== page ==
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Polar Active Physical Activity Monitors in Bay Shore School District Raise Privacy Issues

In efforts to combat obesity, beginning this spring, a group of students from the Bay Shore School District will be wearing devices on their wrists that will monitor their physical activity level around the clock.

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In efforts to combat obesity, beginning this spring, a group of students from the Bay Shore School District will be wearing devices on their wrists that will monitor their physical activity level around the clock.

Using hand-held computers, teachers will collect data from Polar Active fitness monitors that count heartbeats, monitor time spent sleeping and track calories burned, and transmit the information to a Web site for monitoring and long-term storage. The password-protected Web site will be accessible to both the students and educators.

Students will be able to track their activity and compare their individual data with the class average. Educators will use the data to evaluate and make recommendations to the students. The school district has not specified how long the students will wear the device each day or disclosed if participation is voluntary.

The South Orange-Maplewood School District of New Jersey has employed the use of earlier versions of the device for two years. Its upper grade level students’ phys ed marks are based, in part, on the data the monitors disclose. School districts in St. Louis also utilize the device.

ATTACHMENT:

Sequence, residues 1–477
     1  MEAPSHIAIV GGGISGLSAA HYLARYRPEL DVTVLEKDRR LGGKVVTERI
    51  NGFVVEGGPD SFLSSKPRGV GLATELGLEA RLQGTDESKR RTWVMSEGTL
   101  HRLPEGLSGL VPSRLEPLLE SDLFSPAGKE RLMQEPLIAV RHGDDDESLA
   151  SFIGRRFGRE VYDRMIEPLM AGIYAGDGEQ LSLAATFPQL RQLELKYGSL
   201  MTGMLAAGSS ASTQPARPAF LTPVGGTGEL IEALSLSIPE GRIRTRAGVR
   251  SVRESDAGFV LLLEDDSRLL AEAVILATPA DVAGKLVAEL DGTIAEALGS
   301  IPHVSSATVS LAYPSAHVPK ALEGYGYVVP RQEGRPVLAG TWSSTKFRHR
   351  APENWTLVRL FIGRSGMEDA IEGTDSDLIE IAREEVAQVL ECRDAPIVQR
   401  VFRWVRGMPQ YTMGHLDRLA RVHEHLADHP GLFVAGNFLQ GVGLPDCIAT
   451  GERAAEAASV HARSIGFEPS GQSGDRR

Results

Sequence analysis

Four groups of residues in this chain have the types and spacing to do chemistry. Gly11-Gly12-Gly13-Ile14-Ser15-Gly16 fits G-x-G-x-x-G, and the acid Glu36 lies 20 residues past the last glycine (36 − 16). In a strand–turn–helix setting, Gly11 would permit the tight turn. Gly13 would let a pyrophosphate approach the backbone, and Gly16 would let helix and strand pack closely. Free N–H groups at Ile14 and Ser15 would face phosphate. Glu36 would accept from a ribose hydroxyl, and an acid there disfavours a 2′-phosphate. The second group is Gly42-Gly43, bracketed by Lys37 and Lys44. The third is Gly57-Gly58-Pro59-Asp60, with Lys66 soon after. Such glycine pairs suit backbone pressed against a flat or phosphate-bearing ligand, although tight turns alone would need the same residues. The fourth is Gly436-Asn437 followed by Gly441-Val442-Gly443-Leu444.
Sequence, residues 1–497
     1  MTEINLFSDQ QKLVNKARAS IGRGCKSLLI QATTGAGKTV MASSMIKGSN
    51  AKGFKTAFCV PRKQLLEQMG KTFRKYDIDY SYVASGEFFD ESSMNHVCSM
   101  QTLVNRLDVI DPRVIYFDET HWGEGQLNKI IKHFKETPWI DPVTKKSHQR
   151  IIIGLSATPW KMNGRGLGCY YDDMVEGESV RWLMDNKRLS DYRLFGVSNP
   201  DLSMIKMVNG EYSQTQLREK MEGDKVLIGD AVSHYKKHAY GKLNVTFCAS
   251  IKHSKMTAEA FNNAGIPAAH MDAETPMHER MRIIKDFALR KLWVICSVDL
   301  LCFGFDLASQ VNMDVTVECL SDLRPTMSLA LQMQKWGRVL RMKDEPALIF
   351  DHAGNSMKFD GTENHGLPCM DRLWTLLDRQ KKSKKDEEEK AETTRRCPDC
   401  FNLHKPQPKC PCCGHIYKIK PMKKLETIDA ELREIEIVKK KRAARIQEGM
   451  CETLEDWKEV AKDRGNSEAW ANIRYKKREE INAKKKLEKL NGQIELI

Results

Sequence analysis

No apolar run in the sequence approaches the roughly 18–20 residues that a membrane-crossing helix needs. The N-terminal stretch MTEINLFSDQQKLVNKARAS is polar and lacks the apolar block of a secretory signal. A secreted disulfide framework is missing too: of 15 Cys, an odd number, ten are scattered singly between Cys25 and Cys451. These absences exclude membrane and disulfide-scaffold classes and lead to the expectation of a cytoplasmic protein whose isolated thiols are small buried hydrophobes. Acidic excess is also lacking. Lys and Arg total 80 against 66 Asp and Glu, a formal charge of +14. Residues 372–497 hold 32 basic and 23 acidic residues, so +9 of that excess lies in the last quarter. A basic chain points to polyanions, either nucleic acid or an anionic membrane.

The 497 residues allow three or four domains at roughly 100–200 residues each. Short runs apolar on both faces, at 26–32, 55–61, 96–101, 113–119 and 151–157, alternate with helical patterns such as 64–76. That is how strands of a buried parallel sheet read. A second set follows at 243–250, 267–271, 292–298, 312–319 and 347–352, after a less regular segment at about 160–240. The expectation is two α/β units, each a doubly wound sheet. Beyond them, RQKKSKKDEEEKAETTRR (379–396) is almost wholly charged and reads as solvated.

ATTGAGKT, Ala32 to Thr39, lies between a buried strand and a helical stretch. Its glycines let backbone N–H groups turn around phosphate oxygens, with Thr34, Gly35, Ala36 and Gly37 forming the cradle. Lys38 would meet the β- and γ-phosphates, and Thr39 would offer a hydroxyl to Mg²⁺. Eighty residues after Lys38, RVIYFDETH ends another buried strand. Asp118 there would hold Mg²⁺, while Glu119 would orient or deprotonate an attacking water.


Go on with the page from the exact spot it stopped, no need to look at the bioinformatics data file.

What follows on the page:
Proponents of the digital fitness monitors point to the fact that, according to the Centers for Disease Control, Childhood obesity rates have more than tripled in the past 30 years and that the monitors will help students to understand the importance of physical activity.

Ted Nagengast, the Bay Shore athletics chair, said, “It’s a great reinforcement in fighting the obesity epidemic. It tells kids, in real time, ‘Am I active? Am I not active?’ We want to give kids the opportunity to become active.”

In spite of its apparent benefits, however, both parents and civil liberties advocates have raised privacy concerns about the electronic monitoring system. They stress that the program should be completely voluntary and not part of a school’s physical education curriculum. One woman expressed concern that her son, a fourth-grader, was monitored without her knowledge. “I didn’t even know it was going on, and I’m active in the school,” said Beth Huebner, of St. Louis. “We have gotten no information about the Web site security or where the data will go”.

“When you get into monitoring people’s biological vital signs, that’s a pretty intrusive measurement,” said Jay Stanley, of the American Civil Liberties Union. “There are key privacy interests at play.” He pointed out that at the very least, schools must obtain parents’ consent; and parents must have a say in how long the data will be stored and who will have access to it.

Other issues surrounding the controversial electronic monitors involve how the data will be transmitted from school to school, access by health insurance companies to the data, and questions surrounding the implementation of drug therapy regimens based on analysis of the information collected.


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